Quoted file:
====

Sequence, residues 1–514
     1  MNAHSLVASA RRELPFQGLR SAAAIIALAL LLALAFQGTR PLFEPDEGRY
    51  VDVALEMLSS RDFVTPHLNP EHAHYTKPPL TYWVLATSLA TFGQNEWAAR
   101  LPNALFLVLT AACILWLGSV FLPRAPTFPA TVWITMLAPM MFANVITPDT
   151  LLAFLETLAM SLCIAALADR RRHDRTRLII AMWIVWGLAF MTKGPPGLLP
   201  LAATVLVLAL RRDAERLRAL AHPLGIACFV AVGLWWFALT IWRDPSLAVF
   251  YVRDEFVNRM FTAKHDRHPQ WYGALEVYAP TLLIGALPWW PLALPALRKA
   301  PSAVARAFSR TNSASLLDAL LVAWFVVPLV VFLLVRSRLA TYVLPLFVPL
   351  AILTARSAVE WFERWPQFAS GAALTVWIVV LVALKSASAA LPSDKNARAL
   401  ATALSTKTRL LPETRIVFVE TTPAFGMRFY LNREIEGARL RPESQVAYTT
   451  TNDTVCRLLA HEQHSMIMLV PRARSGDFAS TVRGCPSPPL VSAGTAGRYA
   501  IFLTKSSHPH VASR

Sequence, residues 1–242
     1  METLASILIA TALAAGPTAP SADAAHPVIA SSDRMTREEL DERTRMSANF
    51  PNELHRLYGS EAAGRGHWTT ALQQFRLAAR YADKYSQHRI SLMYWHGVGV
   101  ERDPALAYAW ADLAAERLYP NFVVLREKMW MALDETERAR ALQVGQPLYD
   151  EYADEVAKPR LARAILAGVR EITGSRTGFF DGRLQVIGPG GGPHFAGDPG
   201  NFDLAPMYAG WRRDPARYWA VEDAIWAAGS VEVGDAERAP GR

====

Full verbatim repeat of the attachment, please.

Sequence, residues 1–514
     1  MNAHSLVASA RRELPFQGLR SAAAIIALAL LLALAFQGTR PLFEPDEGRY
    51  VDVALEMLSS RDFVTPHLNP EHAHYTKPPL TYWVLATSLA TFGQNEWAAR
   101  LPNALFLVLT AACILWLGSV FLPRAPTFPA TVWITMLAPM MFANVITPDT
   151  LLAFLETLAM SLCIAALADR RRHDRTRLII AMWIVWGLAF MTKGPPGLLP
   201  LAATVLVLAL RRDAERLRAL AHPLGIACFV AVGLWWFALT IWRDPSLAVF
   251  YVRDEFVNRM FTAKHDRHPQ WYGALEVYAP TLLIGALPWW PLALPALRKA
   301  PSAVARAFSR TNSASLLDAL LVAWFVVPLV VFLLVRSRLA TYVLPLFVPL
   351  AILTARSAVE WFERWPQFAS GAALTVWIVV LVALKSASAA LPSDKNARAL
   401  ATALSTKTRL LPETRIVFVE TTPAFGMRFY LNREIEGARL RPESQVAYTT
   451  TNDTVCRLLA HEQHSMIMLV PRARSGDFAS TVRGCPSPPL VSAGTAGRYA
   501  IFLTKSSHPH VASR

Sequence, residues 1–242
     1  METLASILIA TALAAGPTAP SADAAHPVIA SSDRMTREEL DERTRMSANF
    51  PNELHRLYGS EAAGRGHWTT ALQQFRLAAR YADKYSQHRI SLMYWHGVGV
   101  ERDPALAYAW ADLAAERLYP NFVVLREKMW MALDETERAR ALQVGQPLYD
   151  EYADEVAKPR LARAILAGVR EITGSRTGFF DGRLQVIGPG GGPHFAGDPG
   201  NFDLAPMYAG WRRDPARYWA VEDAIWAAGS VEVGDAERAP GR